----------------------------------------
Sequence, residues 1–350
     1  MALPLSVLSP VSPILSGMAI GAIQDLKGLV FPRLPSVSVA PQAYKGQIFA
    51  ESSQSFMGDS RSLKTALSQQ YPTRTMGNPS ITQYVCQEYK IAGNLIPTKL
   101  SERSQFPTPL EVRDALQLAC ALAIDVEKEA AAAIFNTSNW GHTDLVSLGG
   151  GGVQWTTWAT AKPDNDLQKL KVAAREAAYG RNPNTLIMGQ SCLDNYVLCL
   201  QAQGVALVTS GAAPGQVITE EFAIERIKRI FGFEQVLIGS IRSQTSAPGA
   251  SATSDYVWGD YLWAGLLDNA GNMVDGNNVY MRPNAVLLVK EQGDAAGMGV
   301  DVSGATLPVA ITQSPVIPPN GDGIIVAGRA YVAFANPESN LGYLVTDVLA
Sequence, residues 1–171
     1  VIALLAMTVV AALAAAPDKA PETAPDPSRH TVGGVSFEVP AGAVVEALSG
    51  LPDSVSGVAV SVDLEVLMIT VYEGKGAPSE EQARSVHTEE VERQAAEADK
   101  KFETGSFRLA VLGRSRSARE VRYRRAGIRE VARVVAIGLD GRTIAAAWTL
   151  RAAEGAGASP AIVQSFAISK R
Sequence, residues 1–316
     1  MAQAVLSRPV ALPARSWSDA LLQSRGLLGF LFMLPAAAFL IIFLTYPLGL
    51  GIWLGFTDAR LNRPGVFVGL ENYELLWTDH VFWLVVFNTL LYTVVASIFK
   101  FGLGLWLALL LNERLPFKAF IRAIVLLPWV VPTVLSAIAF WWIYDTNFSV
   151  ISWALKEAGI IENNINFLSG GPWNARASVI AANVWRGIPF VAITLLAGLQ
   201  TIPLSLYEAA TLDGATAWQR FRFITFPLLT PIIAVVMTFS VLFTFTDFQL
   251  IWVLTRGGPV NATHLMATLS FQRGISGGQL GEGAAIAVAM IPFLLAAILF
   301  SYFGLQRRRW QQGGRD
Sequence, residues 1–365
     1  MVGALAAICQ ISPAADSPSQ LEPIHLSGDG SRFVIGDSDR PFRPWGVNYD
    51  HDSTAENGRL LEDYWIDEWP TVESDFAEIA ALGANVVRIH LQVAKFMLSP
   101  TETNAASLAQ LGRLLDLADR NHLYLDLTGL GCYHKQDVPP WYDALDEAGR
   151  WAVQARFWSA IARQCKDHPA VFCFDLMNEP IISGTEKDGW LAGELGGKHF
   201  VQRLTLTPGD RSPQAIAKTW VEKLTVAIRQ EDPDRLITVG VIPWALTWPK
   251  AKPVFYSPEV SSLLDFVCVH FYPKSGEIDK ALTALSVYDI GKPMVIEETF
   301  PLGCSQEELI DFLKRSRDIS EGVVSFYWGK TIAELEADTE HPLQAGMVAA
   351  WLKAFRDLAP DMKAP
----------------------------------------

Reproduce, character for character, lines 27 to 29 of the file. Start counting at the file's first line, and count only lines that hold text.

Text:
   201  VQRLTLTPGD RSPQAIAKTW VEKLTVAIRQ EDPDRLITVG VIPWALTWPK
   251  AKPVFYSPEV SSLLDFVCVH FYPKSGEIDK ALTALSVYDI GKPMVIEETF
   301  PLGCSQEELI DFLKRSRDIS EGVVSFYWGK TIAELEADTE HPLQAGMVAA